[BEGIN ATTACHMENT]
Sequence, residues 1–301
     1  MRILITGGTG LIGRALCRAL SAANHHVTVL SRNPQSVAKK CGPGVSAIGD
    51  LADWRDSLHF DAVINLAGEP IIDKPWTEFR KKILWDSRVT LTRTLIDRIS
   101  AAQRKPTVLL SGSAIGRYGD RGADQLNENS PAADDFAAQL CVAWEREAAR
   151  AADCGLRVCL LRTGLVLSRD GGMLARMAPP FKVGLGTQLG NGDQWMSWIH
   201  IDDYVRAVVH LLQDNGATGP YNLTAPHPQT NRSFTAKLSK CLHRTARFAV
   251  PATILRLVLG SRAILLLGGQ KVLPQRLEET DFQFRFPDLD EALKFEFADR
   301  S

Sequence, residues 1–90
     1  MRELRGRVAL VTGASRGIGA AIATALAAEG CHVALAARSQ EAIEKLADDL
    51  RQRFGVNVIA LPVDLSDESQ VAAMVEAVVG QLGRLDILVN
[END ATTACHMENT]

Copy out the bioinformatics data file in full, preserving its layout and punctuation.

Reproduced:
Sequence, residues 1–301
     1  MRILITGGTG LIGRALCRAL SAANHHVTVL SRNPQSVAKK CGPGVSAIGD
    51  LADWRDSLHF DAVINLAGEP IIDKPWTEFR KKILWDSRVT LTRTLIDRIS
   101  AAQRKPTVLL SGSAIGRYGD RGADQLNENS PAADDFAAQL CVAWEREAAR
   151  AADCGLRVCL LRTGLVLSRD GGMLARMAPP FKVGLGTQLG NGDQWMSWIH
   201  IDDYVRAVVH LLQDNGATGP YNLTAPHPQT NRSFTAKLSK CLHRTARFAV
   251  PATILRLVLG SRAILLLGGQ KVLPQRLEET DFQFRFPDLD EALKFEFADR
   301  S

Sequence, residues 1–90
     1  MRELRGRVAL VTGASRGIGA AIATALAAEG CHVALAARSQ EAIEKLADDL
    51  RQRFGVNVIA LPVDLSDESQ VAAMVEAVVG QLGRLDILVN